Fourier transform involves n steps where N = 2^n, and on the way
"back" if exact arithmetic were required, we could extract a factor of
2 at each such step, so that the factor N disappears along the way.]

In other words undoing the discrete Fourier transform is really not
more difficult than doing it in the first place.

Having obtained the polynomial product w(X), the actual extended
precision integer product W that obtains by evaluating X = radix, will
involve "carries" at potentially all of the coefficients.  However
this additional computation, involving only additions and radix
shifts, will for practical purposes be O(N) complexity.

For further details of this see here:

[FFT based multiplication of large numbers]

Note that the "naive" (pencil and paper) multiplication of u(X) and
v(X) requires something like the product of their degrees number of
operations, for each coefficient ("digit") of one must be multiplied
by each coefficient ("digit") in the other.

With the FFT approach we have only N multiplications to perform (on
the discrete Fourier transforms, which are complex values to be sure),
and N is no more than twice the size of the maximum of these degrees
(so within a constant of being linear in their degrees).

This would be useless, though, without the FFT to save our effort. 
With that computation included the work becomes O(N log N). [Recall
that the  FFT had n steps where N = 2^n.]  This is a big savings
compared to the O(N^2) complexity of the naive algorithm.

Many extended precision numerical packages will include an FFT
implementation as one of several options.  See here for description of
one such package:

[A Tour of NTL: NTL Implementation and Portability]

To summarize the fast Fourier transform allows us to multiply two N/2
"digit" integers, obtaining an exact N "digit" product, with O(N log
N) operations instead of the O(N^2) operations needed by the
pencil-and-paper approach we learn in grade school.

Please let know by way of a Request for Clarification if additional
information would be helpful.

regards, mathtalk-ga

Clarification of Answer by mathtalk-ga on 27 Jun 2004 23:15 PDT
The above is an example of a "direct" method as opposed to an
"iterative" one, so it's a bit easier to state the savings in
complexity (since an exact answer is obtained in some finite number of
operations).  However I'd like to give some illustrations of FFT in
iterative methods as well.

First, however, let me work through a simple exercise to illustrate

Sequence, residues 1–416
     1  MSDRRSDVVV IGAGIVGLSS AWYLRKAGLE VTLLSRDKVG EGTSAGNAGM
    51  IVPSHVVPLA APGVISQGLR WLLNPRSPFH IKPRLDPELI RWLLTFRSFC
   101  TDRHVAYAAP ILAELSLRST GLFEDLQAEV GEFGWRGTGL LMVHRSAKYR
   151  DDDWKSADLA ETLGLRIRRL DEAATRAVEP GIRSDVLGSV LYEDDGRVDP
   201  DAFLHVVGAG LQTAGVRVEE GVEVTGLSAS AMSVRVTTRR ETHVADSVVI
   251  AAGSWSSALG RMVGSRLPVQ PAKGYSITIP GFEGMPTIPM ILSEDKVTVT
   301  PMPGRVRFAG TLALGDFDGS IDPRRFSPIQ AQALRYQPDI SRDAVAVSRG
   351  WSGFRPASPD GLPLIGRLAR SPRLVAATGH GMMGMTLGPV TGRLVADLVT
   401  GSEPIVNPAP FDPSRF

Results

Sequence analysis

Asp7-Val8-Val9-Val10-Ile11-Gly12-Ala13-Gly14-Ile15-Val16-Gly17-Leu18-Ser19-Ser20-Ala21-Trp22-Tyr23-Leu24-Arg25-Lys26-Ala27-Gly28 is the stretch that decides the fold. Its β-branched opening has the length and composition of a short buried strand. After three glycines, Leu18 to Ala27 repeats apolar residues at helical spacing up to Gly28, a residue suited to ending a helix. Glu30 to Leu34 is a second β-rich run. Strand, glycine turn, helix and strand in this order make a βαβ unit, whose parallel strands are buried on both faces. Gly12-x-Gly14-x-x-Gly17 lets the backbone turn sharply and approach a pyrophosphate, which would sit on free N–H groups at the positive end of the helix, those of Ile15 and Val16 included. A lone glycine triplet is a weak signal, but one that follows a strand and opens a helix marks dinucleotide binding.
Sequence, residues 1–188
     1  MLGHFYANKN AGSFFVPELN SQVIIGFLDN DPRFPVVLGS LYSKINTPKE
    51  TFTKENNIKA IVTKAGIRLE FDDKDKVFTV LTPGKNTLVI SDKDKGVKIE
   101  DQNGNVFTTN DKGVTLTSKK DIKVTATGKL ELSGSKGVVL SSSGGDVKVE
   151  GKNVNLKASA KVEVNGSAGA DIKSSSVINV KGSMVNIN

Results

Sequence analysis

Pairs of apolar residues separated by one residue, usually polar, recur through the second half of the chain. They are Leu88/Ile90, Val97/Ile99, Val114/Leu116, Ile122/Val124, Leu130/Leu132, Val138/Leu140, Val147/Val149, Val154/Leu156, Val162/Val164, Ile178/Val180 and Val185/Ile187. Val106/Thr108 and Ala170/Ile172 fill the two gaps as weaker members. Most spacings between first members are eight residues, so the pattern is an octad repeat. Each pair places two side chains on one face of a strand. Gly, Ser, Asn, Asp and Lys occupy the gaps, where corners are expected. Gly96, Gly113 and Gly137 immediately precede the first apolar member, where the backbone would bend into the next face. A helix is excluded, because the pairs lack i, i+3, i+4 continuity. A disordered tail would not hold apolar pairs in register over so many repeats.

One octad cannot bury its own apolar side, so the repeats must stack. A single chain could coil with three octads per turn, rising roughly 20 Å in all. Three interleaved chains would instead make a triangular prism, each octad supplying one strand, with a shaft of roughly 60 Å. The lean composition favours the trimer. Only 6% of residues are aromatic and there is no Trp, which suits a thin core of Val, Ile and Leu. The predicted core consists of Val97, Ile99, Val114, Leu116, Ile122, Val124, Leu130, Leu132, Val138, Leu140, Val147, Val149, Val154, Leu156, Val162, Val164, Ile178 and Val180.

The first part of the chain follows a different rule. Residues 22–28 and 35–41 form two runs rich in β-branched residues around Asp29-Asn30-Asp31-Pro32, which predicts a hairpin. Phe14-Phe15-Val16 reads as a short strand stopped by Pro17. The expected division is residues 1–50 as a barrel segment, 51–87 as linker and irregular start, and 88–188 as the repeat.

the ideas above.  This will also give me an opportunity to clear up a
couple of points of confusion in my presentation.

I said that F(F(w)) = N w.  Actually one needs to make a complex
conjugation in how the second "Fourier transform" is done to get this

To be clear, let's do a multiplication of two 2-digit numbers.  For
simplicity I've decided to square the number 14, which will also
illustrate how "carries" come into the picture at the end.

So we think of the (decimal number) 14 as being a polynomial, and
we'll pad it out to four coefficients (because a 2-digit number times
a 2-digit number will give at most a 4-digit product):

0X^3 + 0X^2 + 1X + 4

or simply, as the array of coefficients:

u = [4, 1, 0, 0]

putting the least significant term first in the array.

The discrete Fourier transform is a linear transformation, which means
it can be represented by a matrix multiplication (with possibly
complex values).  In the case of 4 nodes, the matrix is:

[FFT - Some Simple Transforms]

+1 +1 +1 +1
+1 -i -1 +i
+1 -1 +1 -1
+1 +i -1 -i

If we multiply this matrix times its complex conjugate, we get 4I (verify!).

Now multiply our vector u = [4, 1, 0, 0] by it:

F(u) = [5, 4-i, 3, 4+i]

Okay, so since we wanted to square 14, here we just multiply each
entry of F(u) by itself:

F(w) = [25, 15-8i, 9, 15+8i]

Now multiply F(w) by the complex conjugate of our matrix above:

4w = [64, 25 + i(15-8i) - 9 - i(15+8i), 4, 25 - i(15-8i) - 9 + i(15+8i)]

   = [64, 32, 4, 0]

 w = [16, 8, 1, 0]

Okay, so the polynomial w(X) is:

0X^3 + 1X^2 + 8X + 16

When we "evaluate" X = 10, then (proceeding from lowest order terms to
highest), we remove any "excess" greater than or equal to 10 and
promote it to the next higher coefficient.  Thus we find:

14 squared =       1    6
              1    9    6    = 196 (base ten)

That's how the carries work out, and in general it suffices to make a
single sweep from lowest order to highest order (hence the estimate of
O(N) work).

Now this illustrates the discrete Fourier transform.  What makes the
method "fast".  That would be a matter of cleverly arranging the
arithmetic (in this particular case) into two steps (because 4 = 2^2),
essentially decomposing the 4 node case into two 2 node cases.

The cleverness involves some shuffling of entries, some adding and
subtracting, and some multiplying by "roots of unity".  The case at
issue here would be computed something like this:

  0  0  1  4  (original coefficients)

  0  1  0  4  (shuffling based on bit reversals of indexes)

  1  1  4  4  (sum and difference of adjacent pairs)

 -i  1  4  4  (multiplying by roots of unity)

 4+i 3 4-i 5  (sum and difference of doubly spaced pairs)

Next I'd like to discuss the appearance of the fast Fourier transform
in the numerical solution of partial differential equations, an area
in which iterative methods will find their place.

regards, mathtalk-ga
cwd-ga rated this answer:5 out of 5 stars